• Punch Clock Villain: The three Gang Bangers, especially Smiley. It's pretty clear they don't really want to kill Jake, even if he hadn't saved Smiley's little cousin's life, and it's also obvious they don't like Alonzo very much.
  • Rabid Cop: Alonzo.
  • Rape Is a Special Kind of Evil: Played straight with Jake and averted with Alonzo as far as their attitudes.
  • Screw the Money, I Have Rules!: Jake ends up refusing $250,000 which does not make him popular with the other narcotics officers.
  • Screw the Rules, I Have Connections!: Alonzo thinks he's above the law because he works for the Three Wise Men, who are corrupt cops in high-ranking positions. It's through them that Alonzo gets permission to rob and kill his long time drug contact. However, the alternate ending revealed that it was the Three Wise Men whom sent Hoyt to make sure Alonzo didn't pay off the Russians.
  • Screw the Rules, I Make Them!: Alonzo more or less quotes the trope near the end of the film.
  • Secret Test of Character: Jake initially interprets some of Alonzo's requests of him as such, when in fact they are nothing of the sort.
  • Shot in the Ass: Jake shoots Alonzo in the buttocks to prevent him from picking up his pistol.
    Alonzo: Ooh, you motherfucker! You son of a bitch! You shot me in the ass!
  • Sink or Swim Mentor: Alonzo, who starts slowly but amps it up until he's strong-arming Hoyt into killing and robbing Roger.
  • Sliding Scale of Law Enforcement: Hoyt is definitely much closer to the positive end than Alonzo, given his unwillingness to stop dealing with individual crimes and look at the big picture.
  • Spanner in the Works: Jake effectively screws Alonzo's plot to get away from The Mafiya, in the most ironic way possible.
  • Take a Third Option: Towards the end of the film, Hoyt corners Alonzo, and can either kill him, or take him in with no evidence, ruining his own career. He reaches out and takes Alonzo's badge. And the money he needs to pay off the Mafiya.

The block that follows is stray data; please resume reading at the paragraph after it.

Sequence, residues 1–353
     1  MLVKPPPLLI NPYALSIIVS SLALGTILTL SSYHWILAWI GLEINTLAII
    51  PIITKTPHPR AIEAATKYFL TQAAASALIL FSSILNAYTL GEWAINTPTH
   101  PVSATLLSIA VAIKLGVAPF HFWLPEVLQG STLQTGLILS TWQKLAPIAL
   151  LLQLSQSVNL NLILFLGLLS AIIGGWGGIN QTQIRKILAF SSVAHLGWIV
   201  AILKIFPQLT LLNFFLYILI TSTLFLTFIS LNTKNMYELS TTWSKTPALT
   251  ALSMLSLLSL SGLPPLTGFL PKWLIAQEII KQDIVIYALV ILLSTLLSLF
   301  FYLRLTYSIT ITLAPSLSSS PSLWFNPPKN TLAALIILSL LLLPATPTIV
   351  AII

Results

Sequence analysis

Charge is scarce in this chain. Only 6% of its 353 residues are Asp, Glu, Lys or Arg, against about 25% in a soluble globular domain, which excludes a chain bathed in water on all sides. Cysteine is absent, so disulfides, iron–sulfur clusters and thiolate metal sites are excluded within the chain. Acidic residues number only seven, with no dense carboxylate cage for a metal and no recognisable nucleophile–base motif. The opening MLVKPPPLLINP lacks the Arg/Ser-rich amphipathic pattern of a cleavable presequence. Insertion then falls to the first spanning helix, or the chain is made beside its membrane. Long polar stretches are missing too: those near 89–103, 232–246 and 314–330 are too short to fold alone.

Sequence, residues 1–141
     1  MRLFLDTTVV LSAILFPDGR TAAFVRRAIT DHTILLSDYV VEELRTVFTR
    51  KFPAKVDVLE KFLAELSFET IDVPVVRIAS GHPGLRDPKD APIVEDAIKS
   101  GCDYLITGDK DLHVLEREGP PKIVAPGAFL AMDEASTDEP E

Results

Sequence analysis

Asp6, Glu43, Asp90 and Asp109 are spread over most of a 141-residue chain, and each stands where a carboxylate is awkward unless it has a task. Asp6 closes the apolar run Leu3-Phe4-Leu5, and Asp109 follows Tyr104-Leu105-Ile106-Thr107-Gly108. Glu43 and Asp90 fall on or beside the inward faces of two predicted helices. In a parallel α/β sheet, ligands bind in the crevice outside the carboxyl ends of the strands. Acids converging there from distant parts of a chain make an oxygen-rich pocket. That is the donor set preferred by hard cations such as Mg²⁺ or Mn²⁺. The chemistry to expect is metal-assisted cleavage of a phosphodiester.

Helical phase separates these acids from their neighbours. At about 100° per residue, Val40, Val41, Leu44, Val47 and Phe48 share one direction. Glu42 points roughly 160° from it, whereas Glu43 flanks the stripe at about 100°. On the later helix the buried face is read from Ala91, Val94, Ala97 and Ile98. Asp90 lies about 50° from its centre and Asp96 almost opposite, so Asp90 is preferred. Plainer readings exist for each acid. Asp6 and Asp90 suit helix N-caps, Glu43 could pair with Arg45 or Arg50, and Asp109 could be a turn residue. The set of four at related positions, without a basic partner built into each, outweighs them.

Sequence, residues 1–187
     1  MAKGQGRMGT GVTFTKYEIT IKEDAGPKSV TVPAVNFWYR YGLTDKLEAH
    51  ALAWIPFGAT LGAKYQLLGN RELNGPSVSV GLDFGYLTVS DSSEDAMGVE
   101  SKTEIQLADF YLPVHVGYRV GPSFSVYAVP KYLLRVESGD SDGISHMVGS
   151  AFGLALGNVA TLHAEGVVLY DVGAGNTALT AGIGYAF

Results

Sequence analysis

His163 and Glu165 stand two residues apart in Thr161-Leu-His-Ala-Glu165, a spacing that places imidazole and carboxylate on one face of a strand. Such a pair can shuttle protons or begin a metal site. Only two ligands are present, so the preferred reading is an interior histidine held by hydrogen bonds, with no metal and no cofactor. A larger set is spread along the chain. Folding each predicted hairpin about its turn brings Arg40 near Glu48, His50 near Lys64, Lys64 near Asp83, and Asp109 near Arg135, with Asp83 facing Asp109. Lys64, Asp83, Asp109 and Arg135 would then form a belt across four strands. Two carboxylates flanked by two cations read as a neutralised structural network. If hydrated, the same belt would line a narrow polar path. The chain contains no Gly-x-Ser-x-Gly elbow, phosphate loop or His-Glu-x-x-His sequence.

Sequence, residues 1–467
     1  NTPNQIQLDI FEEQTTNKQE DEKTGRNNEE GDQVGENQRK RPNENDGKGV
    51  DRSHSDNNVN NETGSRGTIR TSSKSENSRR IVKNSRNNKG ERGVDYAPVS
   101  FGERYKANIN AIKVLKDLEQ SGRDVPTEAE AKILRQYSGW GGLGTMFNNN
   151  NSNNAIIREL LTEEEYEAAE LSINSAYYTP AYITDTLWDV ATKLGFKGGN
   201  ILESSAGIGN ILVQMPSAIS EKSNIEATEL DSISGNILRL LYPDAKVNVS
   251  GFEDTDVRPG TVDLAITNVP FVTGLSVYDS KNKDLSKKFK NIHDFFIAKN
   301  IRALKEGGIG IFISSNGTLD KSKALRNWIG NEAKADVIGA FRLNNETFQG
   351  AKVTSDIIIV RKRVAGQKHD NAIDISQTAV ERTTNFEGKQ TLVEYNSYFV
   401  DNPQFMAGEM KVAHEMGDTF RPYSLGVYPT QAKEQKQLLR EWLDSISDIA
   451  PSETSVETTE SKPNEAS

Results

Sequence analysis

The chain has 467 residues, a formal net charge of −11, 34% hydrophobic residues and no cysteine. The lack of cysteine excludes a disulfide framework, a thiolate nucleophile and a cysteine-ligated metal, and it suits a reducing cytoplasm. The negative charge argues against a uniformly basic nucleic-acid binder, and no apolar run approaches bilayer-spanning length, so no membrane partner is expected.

• There Are Two Kinds of People in the World: According to Alonzo, it's wolves and sheep. An obvious third option would be "sheepdog," which police often use as a metaphor for their profession, but it's never brought up, lampshading Alonzo's idea of justice as being a bigger, badder "wolf".
  • There Is No Kill Like Overkill: The Russian Mafia knows how to get the job done. The parallels to The Godfather are not without reason.
  • Title Drop:
    Alonzo Harris: Today is a Training Day, Officer Hoyt.
  • Took a Level in Badass: By the end of the film, its pretty apparent that Jake took one.
  • Training from Hell: Alonzo makes Hoyt do all kinds of shit, including participating in an armed robbery and smoke PCP-laced marijuana at gunpoint...in his first day as a narc.
  • Villainous Breakdown: Alonzo himself at the end.
  • Well-Intentioned Extremist: Some of Alonzo's actions can be interpreted this way. Others, not so much.
  • Wrong Side of the Tracks: Jack comments that the police usually don't enter The Jungle with anything less than a platoon. This is true in Real Life as well: the neighborhood they enter is avoided by the LAPD as effectively un-police-able. Antoine Fuqua specifically approached the gangs to get permission to film there, as the city effectively has no authority there.
  • Your Cheating Heart: Alonzo has 4 kids with his wife, and at least one more with Sara.


To End All WarsFilms of 2000 - 2004 Valentine

alternative title(s): Training Day